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The shallowness of evangelicalism leaves it largely inequipped to deal with the difficult issues. If we are to be a people that brings hope to the hopeless, purpose to the purposeless and joy to those who know only sorrow, we must be prepared to give answers that are biblically-based and Scripturally-satisfying. To do this we must wrestle with the difficult doctrines of sin, love, sorrow and suffering. We must be prepared not only to give an answer for the hope that lives within us, but for the suffering that causes us to draw upon that hope and to take our refuge in Christ Jesus, the One whose death gives us hope for now and for eternity.

These words by Tim Challies certainly resonate with me. I also appreciate his statement, “I find much beauty in traditional Protestantism, but realize that in some areas traditions are not Scriptural. Where that is the case I am open to change and improvement.” 

Though we are in very different places in the Protestant tradition, I certainly identify with his words above.

I think that more and more Christians, no matter what their denominational affiliation, will be drawn by the power of the terrifically salvific message of the Bible. They will realize that mainstream Christianity has been too judgmental of the sins of the unbelieving world, while too lenient in evaluating and correcting its own sins.

Here are a dozen or so questions that I believe explore how salvific the work of Christ will yet be — so terrifically salvific that it will reach all people — bringing the Christians who responded in this life to heaven, and then restoring the rest of the world through a judgment or probationary process to life on earth…

  1. God says it is his will for all to be saved, and that he performs all his good pleasure. Who can stop God from accomplishing this “will”? Can Satan stop him? Can human “willfulness” or “hardness of heart” stop God from causing the redemption of Christ from reaching everyone? (see my post from yesterday on this)
  2. Jesus said God could do more to teach Sodom and the other cities of ancient Israel. He said, if the mighty works done in Capernaum were done in Sodom, they would have repented. Evidently God could have done more for them, but chose not to at that time.
  3. God says during Christ’s reign he will bind Satan, keeping him from deceiving the nations until the “little season” at the end of the millennium. If God can do that, and now is the only time for man’s salvation, why doesn’t God bind Satan now and keep him from deceiving people?
  4. Ezekiel 16 says that God will indeed restore Sodom along with the nation of Israel, and forgive them, etc. If God is going to forgive Sodom and “restore” them — and Sodom was set forth as an example of what it means to suffer the “vengeance of eternal fire” (Jude 7), then can there be any doubt that eternal fire does not mean everlasting torment, but rather the annihilation or death of the wicked?
  5. God tells believers that they should continue to dwell with unbelievers as long as they are willing, in the hope that eventually the unbelievers would respond to their righteous character and be saved. Is God any less committed to trying to recover unbelievers than he instructs his children to be?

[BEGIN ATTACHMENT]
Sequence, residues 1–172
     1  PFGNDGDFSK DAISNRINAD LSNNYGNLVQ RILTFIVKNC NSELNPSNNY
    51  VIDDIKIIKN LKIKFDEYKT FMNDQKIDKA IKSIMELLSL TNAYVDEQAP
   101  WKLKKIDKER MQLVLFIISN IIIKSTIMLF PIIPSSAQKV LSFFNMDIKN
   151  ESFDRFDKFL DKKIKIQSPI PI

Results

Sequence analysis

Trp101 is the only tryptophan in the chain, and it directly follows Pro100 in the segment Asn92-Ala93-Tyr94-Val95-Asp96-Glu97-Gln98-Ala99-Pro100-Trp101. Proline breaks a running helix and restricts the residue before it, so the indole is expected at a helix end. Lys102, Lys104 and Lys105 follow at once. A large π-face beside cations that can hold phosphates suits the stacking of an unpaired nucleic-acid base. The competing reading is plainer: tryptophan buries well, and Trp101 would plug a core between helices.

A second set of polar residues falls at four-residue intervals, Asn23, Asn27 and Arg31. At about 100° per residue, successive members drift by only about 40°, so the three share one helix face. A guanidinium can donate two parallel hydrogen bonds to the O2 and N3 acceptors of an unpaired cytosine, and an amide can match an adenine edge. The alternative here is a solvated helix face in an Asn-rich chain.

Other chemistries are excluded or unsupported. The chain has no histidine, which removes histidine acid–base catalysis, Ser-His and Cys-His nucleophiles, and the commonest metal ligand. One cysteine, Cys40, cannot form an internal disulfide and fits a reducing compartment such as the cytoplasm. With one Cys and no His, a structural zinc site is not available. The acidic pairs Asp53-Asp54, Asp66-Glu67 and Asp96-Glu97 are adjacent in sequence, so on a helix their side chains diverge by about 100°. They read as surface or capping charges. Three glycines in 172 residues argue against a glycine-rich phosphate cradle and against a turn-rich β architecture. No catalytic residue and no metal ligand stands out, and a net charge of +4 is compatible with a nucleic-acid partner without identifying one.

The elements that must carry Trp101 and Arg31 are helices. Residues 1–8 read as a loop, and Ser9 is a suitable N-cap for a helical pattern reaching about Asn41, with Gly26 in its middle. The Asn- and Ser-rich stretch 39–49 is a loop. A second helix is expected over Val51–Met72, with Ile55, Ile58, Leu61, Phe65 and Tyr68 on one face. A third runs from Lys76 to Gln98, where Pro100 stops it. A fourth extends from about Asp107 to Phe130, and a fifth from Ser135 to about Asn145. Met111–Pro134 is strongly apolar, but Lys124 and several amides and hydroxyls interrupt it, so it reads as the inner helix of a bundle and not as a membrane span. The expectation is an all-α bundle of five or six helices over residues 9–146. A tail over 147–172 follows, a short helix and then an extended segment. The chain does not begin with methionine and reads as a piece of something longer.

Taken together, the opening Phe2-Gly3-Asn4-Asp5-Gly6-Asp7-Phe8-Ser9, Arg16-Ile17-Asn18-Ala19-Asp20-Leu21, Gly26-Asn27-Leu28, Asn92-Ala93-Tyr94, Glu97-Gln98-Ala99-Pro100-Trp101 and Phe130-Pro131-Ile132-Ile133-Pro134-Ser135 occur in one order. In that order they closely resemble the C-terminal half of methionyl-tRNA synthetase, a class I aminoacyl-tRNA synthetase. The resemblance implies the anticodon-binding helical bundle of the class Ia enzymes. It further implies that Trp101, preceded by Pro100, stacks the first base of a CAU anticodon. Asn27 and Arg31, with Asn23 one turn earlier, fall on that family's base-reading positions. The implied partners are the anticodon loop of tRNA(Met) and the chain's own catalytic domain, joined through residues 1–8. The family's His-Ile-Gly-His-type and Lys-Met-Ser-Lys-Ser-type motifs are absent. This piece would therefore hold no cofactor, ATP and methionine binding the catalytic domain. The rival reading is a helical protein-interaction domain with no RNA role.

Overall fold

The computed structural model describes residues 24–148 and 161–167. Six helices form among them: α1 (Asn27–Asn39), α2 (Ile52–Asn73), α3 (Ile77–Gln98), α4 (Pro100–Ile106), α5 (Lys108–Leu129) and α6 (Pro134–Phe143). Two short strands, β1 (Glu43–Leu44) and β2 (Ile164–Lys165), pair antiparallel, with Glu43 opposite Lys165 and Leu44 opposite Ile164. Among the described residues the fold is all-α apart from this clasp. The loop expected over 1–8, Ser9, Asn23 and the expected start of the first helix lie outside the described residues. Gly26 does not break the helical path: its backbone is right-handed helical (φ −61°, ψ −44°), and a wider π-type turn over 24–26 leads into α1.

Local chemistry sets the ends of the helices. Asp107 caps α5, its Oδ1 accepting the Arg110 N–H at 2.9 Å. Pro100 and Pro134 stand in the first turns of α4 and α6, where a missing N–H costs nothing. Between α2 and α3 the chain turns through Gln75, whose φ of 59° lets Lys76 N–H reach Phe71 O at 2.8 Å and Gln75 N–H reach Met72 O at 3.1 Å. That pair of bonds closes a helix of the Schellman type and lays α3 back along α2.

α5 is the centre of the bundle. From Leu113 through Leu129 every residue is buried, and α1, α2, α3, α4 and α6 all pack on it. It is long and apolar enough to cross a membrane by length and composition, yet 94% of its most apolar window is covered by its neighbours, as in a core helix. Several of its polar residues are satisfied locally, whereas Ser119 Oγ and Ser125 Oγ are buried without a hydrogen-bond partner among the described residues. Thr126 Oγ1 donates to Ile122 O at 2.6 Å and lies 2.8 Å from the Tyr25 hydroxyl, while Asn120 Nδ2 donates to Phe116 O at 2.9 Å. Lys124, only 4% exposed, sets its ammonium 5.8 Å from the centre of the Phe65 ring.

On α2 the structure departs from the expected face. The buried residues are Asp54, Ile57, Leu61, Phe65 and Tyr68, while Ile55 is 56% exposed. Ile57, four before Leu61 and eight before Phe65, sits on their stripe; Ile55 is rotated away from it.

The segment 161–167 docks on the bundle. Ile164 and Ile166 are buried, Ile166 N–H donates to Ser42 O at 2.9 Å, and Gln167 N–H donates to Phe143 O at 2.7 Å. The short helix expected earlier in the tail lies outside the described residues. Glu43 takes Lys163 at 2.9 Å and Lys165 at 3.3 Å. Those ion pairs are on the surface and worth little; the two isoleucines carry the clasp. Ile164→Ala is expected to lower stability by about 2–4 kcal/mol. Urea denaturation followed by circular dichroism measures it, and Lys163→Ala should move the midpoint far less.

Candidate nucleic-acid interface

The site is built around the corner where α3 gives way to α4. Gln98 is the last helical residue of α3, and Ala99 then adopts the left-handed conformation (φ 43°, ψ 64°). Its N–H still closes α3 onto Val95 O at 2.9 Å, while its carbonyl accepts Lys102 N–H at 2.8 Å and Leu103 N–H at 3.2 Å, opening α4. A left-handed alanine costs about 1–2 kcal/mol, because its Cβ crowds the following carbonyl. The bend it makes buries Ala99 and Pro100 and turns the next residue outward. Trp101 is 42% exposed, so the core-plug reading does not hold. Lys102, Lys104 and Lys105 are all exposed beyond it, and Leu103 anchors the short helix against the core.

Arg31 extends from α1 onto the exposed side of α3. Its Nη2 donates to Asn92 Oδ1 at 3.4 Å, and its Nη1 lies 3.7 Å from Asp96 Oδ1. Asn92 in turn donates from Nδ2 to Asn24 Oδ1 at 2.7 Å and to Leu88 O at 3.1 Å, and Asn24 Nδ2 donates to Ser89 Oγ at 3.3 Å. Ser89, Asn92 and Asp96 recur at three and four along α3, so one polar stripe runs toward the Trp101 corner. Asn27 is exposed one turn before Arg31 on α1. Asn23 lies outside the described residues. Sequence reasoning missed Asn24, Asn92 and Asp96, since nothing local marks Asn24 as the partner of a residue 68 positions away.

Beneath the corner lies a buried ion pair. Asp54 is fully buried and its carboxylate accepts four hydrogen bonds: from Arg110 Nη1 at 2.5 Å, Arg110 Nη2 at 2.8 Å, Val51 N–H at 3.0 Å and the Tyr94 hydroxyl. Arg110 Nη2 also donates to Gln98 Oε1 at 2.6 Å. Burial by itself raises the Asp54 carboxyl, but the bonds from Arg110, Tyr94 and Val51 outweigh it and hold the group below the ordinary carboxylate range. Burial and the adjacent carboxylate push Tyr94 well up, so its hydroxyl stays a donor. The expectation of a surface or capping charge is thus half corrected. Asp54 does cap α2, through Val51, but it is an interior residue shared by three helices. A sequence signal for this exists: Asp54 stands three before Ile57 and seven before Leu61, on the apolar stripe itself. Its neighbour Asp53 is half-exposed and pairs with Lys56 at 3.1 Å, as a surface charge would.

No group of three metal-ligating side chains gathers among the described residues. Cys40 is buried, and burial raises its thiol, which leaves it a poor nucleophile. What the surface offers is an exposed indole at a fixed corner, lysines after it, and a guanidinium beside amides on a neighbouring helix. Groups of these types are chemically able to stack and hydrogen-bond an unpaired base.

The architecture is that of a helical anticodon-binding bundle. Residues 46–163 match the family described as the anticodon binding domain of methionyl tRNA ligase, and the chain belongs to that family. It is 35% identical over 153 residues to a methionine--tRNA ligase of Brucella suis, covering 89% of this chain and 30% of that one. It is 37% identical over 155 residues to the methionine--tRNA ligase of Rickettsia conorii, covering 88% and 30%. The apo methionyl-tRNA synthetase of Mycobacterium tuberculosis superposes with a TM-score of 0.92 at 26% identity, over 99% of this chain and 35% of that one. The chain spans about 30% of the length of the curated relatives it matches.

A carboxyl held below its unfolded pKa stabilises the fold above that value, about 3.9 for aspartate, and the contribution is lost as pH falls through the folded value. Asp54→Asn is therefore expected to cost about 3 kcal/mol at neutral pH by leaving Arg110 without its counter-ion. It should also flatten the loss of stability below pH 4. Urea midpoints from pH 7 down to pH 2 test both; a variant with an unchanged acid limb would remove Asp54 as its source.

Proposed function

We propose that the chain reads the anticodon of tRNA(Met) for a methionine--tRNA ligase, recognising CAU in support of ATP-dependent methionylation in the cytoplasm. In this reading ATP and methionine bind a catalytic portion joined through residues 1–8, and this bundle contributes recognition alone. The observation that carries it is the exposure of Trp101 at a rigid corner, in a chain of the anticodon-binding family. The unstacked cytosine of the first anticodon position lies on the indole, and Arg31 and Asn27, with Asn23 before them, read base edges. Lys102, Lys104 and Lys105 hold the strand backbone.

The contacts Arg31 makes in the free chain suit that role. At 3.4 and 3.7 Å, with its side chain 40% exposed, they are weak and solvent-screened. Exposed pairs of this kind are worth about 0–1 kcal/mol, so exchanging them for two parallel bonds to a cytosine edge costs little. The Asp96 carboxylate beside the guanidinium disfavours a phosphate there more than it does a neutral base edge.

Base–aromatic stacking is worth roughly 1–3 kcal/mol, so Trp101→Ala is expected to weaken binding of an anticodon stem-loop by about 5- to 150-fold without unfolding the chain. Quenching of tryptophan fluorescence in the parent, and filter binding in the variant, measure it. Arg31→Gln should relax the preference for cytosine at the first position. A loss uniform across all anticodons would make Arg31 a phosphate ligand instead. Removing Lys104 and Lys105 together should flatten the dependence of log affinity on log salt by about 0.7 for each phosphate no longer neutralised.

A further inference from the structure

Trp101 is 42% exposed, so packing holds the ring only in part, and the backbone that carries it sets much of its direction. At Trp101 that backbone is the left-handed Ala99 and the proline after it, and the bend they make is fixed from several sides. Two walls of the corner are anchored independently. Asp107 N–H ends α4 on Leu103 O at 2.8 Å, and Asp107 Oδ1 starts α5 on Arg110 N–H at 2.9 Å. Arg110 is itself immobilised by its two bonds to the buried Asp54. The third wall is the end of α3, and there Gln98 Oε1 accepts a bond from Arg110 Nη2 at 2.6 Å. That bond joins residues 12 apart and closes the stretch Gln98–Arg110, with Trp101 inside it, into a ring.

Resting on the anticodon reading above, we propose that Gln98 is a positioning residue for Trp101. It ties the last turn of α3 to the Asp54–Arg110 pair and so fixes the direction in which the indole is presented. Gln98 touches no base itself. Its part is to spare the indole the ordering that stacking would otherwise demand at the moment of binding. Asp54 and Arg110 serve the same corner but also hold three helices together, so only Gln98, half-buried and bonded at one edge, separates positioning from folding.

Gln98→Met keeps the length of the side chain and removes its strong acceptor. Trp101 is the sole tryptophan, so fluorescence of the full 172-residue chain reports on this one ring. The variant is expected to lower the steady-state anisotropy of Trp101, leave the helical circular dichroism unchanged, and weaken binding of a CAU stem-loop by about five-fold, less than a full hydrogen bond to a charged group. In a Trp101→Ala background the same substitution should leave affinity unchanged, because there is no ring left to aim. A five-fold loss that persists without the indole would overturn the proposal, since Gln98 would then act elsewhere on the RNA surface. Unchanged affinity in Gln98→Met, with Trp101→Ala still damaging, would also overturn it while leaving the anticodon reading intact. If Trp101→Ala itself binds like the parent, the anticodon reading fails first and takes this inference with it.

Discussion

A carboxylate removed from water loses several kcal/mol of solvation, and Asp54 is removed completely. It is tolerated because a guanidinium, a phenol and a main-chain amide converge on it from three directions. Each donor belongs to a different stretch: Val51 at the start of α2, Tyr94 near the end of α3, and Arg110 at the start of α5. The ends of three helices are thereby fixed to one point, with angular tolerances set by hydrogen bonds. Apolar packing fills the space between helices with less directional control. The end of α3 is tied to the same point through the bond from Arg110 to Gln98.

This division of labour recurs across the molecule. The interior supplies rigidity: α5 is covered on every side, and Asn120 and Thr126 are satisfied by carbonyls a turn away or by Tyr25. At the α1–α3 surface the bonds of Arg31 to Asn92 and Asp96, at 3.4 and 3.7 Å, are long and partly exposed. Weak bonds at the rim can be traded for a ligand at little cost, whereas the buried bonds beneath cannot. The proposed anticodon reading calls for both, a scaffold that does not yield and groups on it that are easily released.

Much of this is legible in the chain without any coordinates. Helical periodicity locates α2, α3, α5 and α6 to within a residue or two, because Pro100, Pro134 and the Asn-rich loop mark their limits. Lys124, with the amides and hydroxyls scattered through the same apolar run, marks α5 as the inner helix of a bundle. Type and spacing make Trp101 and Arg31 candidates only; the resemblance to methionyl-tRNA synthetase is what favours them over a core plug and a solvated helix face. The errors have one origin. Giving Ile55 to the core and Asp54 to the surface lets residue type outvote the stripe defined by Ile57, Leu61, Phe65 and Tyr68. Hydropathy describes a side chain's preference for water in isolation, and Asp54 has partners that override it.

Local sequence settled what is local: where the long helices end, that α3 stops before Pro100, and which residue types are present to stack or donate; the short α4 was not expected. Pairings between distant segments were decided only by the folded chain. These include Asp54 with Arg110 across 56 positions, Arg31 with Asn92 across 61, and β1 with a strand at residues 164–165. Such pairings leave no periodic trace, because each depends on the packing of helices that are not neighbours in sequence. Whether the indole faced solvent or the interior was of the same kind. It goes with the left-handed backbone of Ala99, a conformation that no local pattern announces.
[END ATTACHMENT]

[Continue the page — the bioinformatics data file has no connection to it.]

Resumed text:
6. God tells believers to love their enemies. This love is sacrificial and redemptive. Does God ask his people to stop thinking that way the moment their enemy dies? After that point, is it godlike to stop one’s ears to any future appeals, cries of help, or expressions of repentance by an enemy?
  7. 1 Corinthians 15 states that God will swallow up death in victory through the resurrection. Does anything in this chapter state that the resurrection only benefits those who were followers of Jesus in this life?
  8. Doesn’t it speak of the followers of Jesus as part of the “first resurrection”? Who, then, are part of subsequent resurrections? Would it not be the same “all” who died in Adam?
  9. Jeremiah speaks of God as changing the stony selfish hearts of man into responsive, teachable hearts of flesh. Is this a power and intention of God that ends when people pass into death?
  10. Romans 8 states that the whole creation groans, waiting for the manifestation of the sons of God. Does this imply that they will stop groaning when the sons of God are revealed, or that they will continue groaning in agony forever, since they were not part of the “sons of God” class at their death.?
  11. Romans 11 states that God loves Israel in spite of their sins, because of their fathers. Will God forget this loyalty and commitment to the fathers, and instead send all unbelieving Jews into eternal death or even worse, eternal conscious punishment? If so, then why does it say, “all Israel shall be saved”?
  12. Jesus said that his followers would do even greater works than he would. He speaks of raising all the dead who have ever lived, etc. When does this promise have its fulfillment? Are the ‘greater works’ things that have already been happening on earth during the Christian era, or are they some events we have never really seen yet?
  13. Peter speaks of “times of restitution of all things”. What does restitution mean? What was lost by mankind, and what is promised by all the prophets to be restored?